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dc.contributor.advisorGuilford, Parry
dc.contributor.authorFrick, James A.
dc.date.available2016-10-25T22:37:50Z
dc.date.copyright2016
dc.identifier.citationFrick, J. A. (2016). Cytoskeletal and mitotic partners for synthetic lethal targeting of E-cadherin-deficient carcinoma (Thesis, Master of Science). University of Otago. Retrieved from http://hdl.handle.net/10523/6865en
dc.identifier.urihttp://hdl.handle.net/10523/6865
dc.description.abstractHereditary diffuse gastric cancer (HDGC) is the familial predisposition to poorly-differentiated, diffuse gastric adenocarcinoma. It is inherited in an autosomal dominant manner and shows high penetrance for diffuse gastric cancer as well as lobular breast cancer. Due to the unreliability of endoscopic detection, the primary management strategy for HDGC is prophylactic total gastrectomy. There is an urgent need for effective drugs for use in conjunction with screening in order to mitigate reliance on surgery. Germline inactivating mutation of the tumour suppressor gene E-cadherin (CDH1) and its functional relatives accounts for the majority of HDGC diagnoses. E-cadherin is a transmembrane protein that plays key roles in establishing and maintaining cell-cell adhesions, apicobasal polarity and mitosis. Although not amenable to conventional drug targeting, the loss of E-cadherin is predicted to create vulnerabilities that can be targeted. Synthetic lethal interactions occur between two genes where only inactivation of both genes is lethal, while inactivation of either gene alone is tolerated. Candidate synthetic lethal targets were silenced with shRNA and drugs in an isogenic (CDH1-/- and CDH1+/+) MCF10A background. Quantitation of gene expression and analysis of cell viability following treatment was used to assess synthetic lethal effect. In this investigation, microtubule-associated targets MAST2 and MAP1B, and mitotic regulators Aurora-A and -B kinase, were identified as vulnerabilities in an E-cadherin-deficient context. Microtubules have been the targets of many drugs since the advent of chemotherapy, and represent a central set of functions that become perturbed in E-cadherin-deficient cells. Given the role of E-cadherin, it is rational to target microtubule and mitotic processes and further investigation of agents that target these functions is warranted.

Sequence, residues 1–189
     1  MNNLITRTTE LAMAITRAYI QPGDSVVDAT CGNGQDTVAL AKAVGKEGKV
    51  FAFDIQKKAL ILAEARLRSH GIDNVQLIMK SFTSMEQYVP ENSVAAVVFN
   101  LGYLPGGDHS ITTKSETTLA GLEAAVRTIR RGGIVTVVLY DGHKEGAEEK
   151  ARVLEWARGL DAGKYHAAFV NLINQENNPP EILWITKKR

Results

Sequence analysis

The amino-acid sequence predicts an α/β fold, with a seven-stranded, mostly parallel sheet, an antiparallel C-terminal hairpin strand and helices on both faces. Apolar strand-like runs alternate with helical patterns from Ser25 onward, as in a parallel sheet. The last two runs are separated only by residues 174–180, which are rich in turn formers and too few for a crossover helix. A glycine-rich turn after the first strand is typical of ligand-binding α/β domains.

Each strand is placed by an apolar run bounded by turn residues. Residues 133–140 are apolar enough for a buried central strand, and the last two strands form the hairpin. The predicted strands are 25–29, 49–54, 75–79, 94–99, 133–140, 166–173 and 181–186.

dc.format.mimetypeapplication/pdf
dc.language.isoen
dc.publisherUniversity of Otago
dc.rightsAll items in OUR Archive are provided for private study and research purposes and are protected by copyright with all rights reserved unless otherwise indicated.
dc.subjectcancer
dc.subjecthereditary
dc.subjecttumour
dc.subjectgastric cancer
dc.subjectHDGC
dc.subjectCDH1
dc.subjectdiffuse gastric
dc.subjectmicrotubules
dc.subjectmitosis
dc.subjectsynthetic lethal
dc.subjectsynthetic lethality
dc.subjectMCF10a
dc.subjectlentiviral shRNA
dc.titleCytoskeletal and mitotic partners for synthetic lethal targeting of E-cadherin-deficient carcinoma
dc.typeThesis
dc.date.updated2016-10-25T22:04:36Z
dc.language.rfc3066en
thesis.degree.disciplineBiochemistry
thesis.degree.nameMaster of Science
thesis.degree.grantorUniversity of Otago
thesis.degree.levelMasters
otago.openaccessOpen
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